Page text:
Ground-Borne Vibration Mitigation Measures for Turnouts: State-of-the-Art and Field Tests
Paper in proceedings, 2015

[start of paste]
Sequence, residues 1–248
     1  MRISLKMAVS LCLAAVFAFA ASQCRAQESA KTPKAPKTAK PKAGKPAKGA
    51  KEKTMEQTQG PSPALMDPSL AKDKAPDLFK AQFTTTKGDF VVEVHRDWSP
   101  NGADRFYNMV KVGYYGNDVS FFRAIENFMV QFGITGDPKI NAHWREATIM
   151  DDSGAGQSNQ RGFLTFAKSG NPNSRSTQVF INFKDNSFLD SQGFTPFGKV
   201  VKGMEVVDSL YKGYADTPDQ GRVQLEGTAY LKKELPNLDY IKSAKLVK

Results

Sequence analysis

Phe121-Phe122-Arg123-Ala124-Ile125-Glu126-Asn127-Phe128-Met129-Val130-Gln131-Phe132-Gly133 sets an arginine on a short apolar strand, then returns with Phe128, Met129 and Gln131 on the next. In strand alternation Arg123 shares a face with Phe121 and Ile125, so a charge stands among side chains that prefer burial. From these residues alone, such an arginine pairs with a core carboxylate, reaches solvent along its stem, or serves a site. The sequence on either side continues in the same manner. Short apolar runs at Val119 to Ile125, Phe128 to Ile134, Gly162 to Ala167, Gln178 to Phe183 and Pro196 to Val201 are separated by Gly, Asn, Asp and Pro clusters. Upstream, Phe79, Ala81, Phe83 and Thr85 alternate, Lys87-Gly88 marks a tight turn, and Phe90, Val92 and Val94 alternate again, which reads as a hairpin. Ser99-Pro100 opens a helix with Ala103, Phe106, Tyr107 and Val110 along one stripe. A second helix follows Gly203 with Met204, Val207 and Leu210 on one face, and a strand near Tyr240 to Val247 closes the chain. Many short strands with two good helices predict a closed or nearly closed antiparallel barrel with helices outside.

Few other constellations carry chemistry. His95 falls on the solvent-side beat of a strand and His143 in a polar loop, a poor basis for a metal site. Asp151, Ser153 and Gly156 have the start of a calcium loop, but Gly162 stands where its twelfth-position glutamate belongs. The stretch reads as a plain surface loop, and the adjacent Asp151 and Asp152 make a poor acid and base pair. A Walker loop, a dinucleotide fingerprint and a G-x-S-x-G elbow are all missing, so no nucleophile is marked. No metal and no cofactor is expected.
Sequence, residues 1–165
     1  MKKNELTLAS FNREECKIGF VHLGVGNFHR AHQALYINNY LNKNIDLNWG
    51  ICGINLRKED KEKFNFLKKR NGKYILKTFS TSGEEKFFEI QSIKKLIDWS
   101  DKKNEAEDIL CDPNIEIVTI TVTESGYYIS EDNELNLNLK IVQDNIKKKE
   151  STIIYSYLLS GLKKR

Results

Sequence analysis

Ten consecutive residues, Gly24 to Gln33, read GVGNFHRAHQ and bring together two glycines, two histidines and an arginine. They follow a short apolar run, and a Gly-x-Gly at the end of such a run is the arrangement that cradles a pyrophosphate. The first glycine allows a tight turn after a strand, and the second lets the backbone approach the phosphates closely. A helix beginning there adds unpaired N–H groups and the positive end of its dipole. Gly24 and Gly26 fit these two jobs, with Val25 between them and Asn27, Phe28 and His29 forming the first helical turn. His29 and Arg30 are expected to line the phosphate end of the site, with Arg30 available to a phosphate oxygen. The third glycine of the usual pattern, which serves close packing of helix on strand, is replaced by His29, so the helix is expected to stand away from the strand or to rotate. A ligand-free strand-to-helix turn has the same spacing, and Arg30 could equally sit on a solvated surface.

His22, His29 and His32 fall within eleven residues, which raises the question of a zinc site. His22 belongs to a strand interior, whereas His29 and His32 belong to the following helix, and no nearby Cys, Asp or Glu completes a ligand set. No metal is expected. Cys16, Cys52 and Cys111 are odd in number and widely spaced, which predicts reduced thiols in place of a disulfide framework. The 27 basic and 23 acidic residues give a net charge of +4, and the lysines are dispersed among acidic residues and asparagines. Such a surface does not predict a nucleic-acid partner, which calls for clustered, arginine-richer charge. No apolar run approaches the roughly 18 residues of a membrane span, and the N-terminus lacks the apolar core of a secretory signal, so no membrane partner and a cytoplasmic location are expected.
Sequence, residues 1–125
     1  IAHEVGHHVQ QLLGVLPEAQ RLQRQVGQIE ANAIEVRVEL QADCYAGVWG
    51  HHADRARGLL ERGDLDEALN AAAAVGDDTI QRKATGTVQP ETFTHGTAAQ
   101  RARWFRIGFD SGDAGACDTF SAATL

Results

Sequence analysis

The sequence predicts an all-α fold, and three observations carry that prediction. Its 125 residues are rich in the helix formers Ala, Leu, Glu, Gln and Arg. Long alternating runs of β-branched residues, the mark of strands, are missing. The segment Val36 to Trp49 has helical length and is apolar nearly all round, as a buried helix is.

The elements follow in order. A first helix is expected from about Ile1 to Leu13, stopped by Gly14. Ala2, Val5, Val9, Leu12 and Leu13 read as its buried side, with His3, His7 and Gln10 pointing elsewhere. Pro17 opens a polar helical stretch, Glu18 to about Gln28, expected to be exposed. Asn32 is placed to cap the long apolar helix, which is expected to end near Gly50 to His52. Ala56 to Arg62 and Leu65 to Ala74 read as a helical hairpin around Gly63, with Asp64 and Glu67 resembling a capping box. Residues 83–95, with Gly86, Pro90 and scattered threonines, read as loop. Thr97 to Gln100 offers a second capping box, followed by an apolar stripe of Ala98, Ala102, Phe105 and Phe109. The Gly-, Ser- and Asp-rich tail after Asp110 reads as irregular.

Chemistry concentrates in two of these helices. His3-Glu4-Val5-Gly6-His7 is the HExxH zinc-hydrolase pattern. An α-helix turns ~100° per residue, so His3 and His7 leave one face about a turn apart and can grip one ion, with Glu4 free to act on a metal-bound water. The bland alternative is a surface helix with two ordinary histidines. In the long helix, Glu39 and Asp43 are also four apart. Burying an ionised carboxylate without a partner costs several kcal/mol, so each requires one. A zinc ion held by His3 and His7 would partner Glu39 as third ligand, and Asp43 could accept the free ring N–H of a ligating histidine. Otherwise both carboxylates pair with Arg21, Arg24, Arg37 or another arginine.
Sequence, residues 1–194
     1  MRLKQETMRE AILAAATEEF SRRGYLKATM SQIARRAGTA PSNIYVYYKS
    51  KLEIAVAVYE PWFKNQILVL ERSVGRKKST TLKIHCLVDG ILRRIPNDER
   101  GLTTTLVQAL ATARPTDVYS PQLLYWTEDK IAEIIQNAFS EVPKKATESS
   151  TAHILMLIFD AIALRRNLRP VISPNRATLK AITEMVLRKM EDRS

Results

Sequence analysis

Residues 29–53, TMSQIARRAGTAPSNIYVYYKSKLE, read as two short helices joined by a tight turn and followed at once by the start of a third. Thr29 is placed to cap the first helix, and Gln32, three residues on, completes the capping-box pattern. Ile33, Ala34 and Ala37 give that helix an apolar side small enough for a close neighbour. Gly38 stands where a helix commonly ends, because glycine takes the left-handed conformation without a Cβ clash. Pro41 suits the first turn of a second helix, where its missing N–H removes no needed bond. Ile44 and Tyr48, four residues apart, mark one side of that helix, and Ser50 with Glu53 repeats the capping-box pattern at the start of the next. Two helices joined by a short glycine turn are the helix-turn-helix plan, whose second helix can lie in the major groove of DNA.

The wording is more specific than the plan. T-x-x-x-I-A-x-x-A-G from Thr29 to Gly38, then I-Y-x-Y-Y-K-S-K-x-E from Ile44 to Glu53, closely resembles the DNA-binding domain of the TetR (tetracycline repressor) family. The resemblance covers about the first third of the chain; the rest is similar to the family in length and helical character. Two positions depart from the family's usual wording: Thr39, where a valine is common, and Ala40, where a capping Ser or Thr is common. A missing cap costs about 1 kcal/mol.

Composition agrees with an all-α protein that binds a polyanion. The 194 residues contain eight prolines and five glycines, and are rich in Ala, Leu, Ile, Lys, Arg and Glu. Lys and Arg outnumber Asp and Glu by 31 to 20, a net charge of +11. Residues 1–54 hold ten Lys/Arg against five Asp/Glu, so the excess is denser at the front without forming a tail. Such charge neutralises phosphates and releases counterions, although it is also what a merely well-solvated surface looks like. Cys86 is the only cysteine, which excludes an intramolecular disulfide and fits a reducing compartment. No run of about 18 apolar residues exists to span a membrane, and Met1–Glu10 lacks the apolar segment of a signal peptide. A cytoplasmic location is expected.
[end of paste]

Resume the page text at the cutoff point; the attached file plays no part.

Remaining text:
A state-of-the-art study on ground-borne vibration induced by railway turnouts (switches & crossings) is presented. Vibration generating mechanisms and possibilities for cost-effective mitigation measures are discussed. A brief literature survey and examples of results from vibration measurements performed by the Schweizerische Bundesbahnen (SBB) are presented. The present work was performed within the EU FP7 project RIVAS (Railway Induced Vibration Abatement Solutions). Mitigation measures for turnouts described in the literature mainly aim at reducing the dynamic wheel-rail contact force (impact load) in the crossing panel. This is supported by field observations of amplified ground-borne vibration at turnouts, indicating that there is a need to improve the design of these track components. A smooth wheel transition between wing rail and crossing nose is important to achieve low energy impacts on the crossing. Measures to mitigate the vibrations include the use of soft or stiff Under Sleeper Pads (USP) for better and more stable turnout geometry over time. The use of USP may also reduce the magnitude of vibrations transferred from turnout to soil. Other measures include improving the design of the crossing panel (material and geometry of crossing nose and wing rails) and the use of more resilient rail pads. Results from a Swiss test campaign at two different sites (Rubigen and Le Landeron), using stiff USP in four turnouts, are presented and compared to results from four nominal turnouts without USP. However, the vibrations measured at Le Landeron, and even more so for Rubigen, seem to be significantly influenced by the turnout and soil conditions. It is important to accurately determine the condition of each turnout to enable a meaningful comparison between the turnouts and to draw conclusions on the influence of turnout mitigation measures on vibration emission. The best approach to reduce the amplification of vibration is a system approach where different parameters (such as rail profiles, rail material, resilient layers) are designed to interact in a harmonious and robust way. It is thus important to identify the combination of parameters that defines the design of an optimum turnout. Modelling is required to optimize the wheel transition over the crossing panel. Further tests are needed to define the relevant geometric parameters influencing the wheel trajectory and the amplified vibrations. If an improvement of the dynamic wheel-rail interaction (wheel transition) can be accomplished that reduces impact loads on the crossing panel, both vibration magnitudes and the need for crossing panel maintenance can be reduced.